There’s a song I used to love, twelve years ago when my husband and I started going out. It’s Words, originally I believe by the BeeGees but in ’99 when Andrew and I met it had just been covered by *shameful whisper* Boyzone. It has lovely lyrics, but it’s the refrain that’s the killer:
It’s only words, and words are all I have to take your heart away.
As any writer or reader, aspiring or established, knows, it’s not “only” words and that line perfectly sums up the power of words – they can take someone’s heart away. Hold that thought.
Last week Daniel learned to read. He’s been desperate to for a while, sitting poring over his picture books and deciphering letter by letter but not quite managing to turn individual letters into words. This week something clicked, the missing magical ingredient I guess. I’m still trying to catch it so I can bottle it, sell it, and retire. Anyway, It clicked and we sat together and he read me a whole story by himself. What happened was he wanted to sit near me while I was making tea so I gave him an early reader I’d got out from the library in case he could manage the odd word. I thought I’d have to help him out frequently but at least he could have a go and then I was on hand to do so. Instead, I stopped what I was doing and listened in growing wonder as he read word after word without my help. Some of them he stopped and decoded sound by sound, others he read aloud fluently as if he’d been reading for weeks instead of minutes.
He then read the same book to his daddy three times and searched out the Oxford Reading Tree At Home books I had ready for after Christmas. That night, our house was all about Words.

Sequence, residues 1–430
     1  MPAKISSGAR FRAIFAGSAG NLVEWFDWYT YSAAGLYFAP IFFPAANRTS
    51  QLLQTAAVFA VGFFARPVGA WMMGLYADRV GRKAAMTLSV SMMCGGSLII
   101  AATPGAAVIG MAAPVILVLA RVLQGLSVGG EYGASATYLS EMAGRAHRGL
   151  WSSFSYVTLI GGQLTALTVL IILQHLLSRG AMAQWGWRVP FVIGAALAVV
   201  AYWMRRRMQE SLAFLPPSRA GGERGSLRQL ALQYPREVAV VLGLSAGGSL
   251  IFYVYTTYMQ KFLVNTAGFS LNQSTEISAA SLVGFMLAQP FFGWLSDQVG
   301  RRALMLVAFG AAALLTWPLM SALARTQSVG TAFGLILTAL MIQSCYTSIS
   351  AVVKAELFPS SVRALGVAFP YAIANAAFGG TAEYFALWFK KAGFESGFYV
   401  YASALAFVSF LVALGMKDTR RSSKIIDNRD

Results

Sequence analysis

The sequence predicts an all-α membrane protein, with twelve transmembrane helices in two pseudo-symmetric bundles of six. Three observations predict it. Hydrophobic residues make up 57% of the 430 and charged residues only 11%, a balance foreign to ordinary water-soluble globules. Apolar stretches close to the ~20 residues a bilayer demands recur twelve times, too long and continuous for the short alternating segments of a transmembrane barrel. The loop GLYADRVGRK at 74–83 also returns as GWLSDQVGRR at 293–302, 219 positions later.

The thing is, I had a bit of an epiphany reflecting on the episode. While he was reading I kept asking him what was happening to make sure he was understanding what he was reading rather than just speaking aloud without taking anything in (he was, the little star). That’s when something I’d suspected was really borne in on me.
It’s “only” words.
It’s the Power of Words. The letters didn’t matter. He could recognise individual letters but they were powerless without being turned into words. Being able to read means being able to turn black squiggles on a page into a story and characters and conflict. He has that power now.
He had power over me with the words he was using. He had me asking what was happening, wondering what was going to happen next, and he LOVED it. Instead of being spellbound by a story, he was the one casting the spell because he could read the words.
Writers have that power over someone else every time a reader picks up their work and is caught by it. We love having that power over people and making them think “wait, but what happens next…?” I think it’s actually a little bit addictive. Of course, with great power comes great responsibility etc, not to mention great guilt, great big whopping holes in self-confidence, but those things are part of the deal and really, it seems like a fair price to pay for the power of one day dreaming that a child or a teenager somewhere is reading my words, and my words are taking their heart away.
I’m off to add some more words, perfectly packaged in books, to Daniel’s Christmas gift list. Have a wonderful Christmas everyone!